The one size fits all t-shirt is supposed to be designed to fit "most" people but it really does not fit anyone very well. Just imagine if someone starting making one size fits all shoes!
Competency Models Define Performance Expectations
A competency captures the critical knowledge, skills, abilities, attitudes, and behaviors which contribute to the successful accomplishment of desired job results within a specific company. Competencies are defined by specific behavioral statements which serve as examples of how a competency may be demonstrated on the job and the expected impact on results.
- represents a behavioral dimension to organizational performance on which organizations can truly differentiate themselves,
- establishes a common language for the organization to discuss talent and make talent decisions less subjective, and
- provides a foundation for the integration of all components of talent management.
The business case for the use of competency models has been made clear yet the use of competency models and competency-based management has been criticized by business leaders for not having direct impact on business outcomes. Competency models have been perceived to define ‘soft skills’ or 'nice to have' capabilities which end up being viewed as unimportant to the business. This type of criticism is to be expected when organizations decide to use a 'one size fits all' approach to defining competencies, thereby failing to recognize the unique aspects of the organization's strategy, culture and values.
Competency models provide clear direction regarding performance expectations when directly linked to an organization's desired results. Direction can only be clear when competencies explain “how” results should be achieved AND “why” it is important to achieve them. The "how" and "why" can only be defined using sound competency modeling methods.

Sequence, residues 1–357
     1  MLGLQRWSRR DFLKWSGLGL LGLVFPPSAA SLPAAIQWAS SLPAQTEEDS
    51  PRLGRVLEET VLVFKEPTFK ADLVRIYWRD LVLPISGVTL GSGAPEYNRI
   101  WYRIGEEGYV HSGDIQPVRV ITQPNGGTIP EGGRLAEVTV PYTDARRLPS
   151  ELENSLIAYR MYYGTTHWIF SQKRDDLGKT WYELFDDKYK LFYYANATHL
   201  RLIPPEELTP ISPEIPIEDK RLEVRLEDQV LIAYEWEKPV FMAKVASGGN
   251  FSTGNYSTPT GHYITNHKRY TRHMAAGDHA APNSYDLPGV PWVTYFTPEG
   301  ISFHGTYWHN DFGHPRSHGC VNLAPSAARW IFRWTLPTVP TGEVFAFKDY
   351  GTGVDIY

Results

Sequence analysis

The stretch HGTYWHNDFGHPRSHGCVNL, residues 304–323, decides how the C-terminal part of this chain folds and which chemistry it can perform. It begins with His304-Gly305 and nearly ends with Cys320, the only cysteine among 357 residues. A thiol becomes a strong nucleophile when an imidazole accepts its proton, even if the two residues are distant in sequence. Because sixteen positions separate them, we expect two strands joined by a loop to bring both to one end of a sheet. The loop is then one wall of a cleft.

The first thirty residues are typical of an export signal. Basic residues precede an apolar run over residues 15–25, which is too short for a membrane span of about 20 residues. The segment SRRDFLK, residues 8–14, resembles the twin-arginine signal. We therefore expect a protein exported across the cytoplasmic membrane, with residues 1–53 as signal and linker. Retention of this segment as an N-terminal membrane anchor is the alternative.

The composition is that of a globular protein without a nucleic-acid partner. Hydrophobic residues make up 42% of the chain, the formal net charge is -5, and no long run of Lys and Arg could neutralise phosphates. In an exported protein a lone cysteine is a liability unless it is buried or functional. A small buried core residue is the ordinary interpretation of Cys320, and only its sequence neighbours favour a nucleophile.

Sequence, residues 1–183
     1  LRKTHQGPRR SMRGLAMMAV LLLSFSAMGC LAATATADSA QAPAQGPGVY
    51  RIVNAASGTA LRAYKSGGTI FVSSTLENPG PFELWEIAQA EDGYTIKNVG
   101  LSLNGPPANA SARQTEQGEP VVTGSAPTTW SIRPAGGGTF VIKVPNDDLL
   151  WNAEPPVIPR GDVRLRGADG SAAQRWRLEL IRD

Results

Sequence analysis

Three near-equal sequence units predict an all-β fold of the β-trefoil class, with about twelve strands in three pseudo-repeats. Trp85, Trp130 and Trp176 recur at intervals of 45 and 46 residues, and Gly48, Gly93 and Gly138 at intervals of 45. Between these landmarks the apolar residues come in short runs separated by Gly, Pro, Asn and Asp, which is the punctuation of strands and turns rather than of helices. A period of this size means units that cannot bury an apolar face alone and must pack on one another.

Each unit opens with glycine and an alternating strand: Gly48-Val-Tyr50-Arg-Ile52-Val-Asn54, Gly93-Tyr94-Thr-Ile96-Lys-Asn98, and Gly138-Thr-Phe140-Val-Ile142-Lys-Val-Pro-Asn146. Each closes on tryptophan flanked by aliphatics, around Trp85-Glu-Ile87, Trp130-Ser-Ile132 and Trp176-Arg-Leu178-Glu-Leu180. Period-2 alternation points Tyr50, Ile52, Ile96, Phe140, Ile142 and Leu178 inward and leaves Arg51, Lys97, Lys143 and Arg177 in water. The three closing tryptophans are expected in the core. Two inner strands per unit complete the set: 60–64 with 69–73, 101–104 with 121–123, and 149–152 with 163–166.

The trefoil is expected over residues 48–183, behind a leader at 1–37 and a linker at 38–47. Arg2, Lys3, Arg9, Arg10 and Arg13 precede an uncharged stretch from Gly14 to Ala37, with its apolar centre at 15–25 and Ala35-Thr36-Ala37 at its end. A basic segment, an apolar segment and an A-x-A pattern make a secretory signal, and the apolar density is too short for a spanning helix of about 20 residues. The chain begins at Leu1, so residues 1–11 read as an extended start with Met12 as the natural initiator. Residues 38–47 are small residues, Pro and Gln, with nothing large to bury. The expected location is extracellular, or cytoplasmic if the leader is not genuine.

This example illustrates how the behaviors that define competencies can provide clear direction on expected actions and desired outcomes. While the Generic Behavior offers direction on action, the Specific Behavior clearly articulates expected outcomes of those actions.
Simply picking from a list of pre-defined competencies likely results in competencies and behaviors being too generic. Competency models that are defined in this way:
- will not provide clear direction,
- will be hard for employees to relate to and identify with, and
- won’t do anything to support the achievement of results.
Modifying a competency model used somewhere else (perhaps at another company....) is similar to taking another company’s logo, tweaking it a bit, and calling it your own. How is that going to work? Competency models defined in this way will provide clear direction on how to be successful in another company and will result in poor linkage to results and poor alignment with strategy
Organizations should seek to define a specific set of behaviors that define success for their particular organization - as their organization has a unique strategy and unique culture.
A Custom Fit is Required
Some talent management software solutions offer a library of generic competencies from which organizations can pick and choose to define competency models. Most vendors do not have the expertise to advise on competency modeling. However, they are happy to provide these generic models that, in the end, will not likely align with most organization's needs.
If you were going to have a custom made suit made, you would likely go to an experienced tailor - one with the skill and extensive experience required to create a suit that fits you perfectly and makes you look great. Seeking the support of a professional with the required background, skills and extensive experience in the development of competency model is critical. Expertise in competency modeling requires advanced education, training and years of applied experience.
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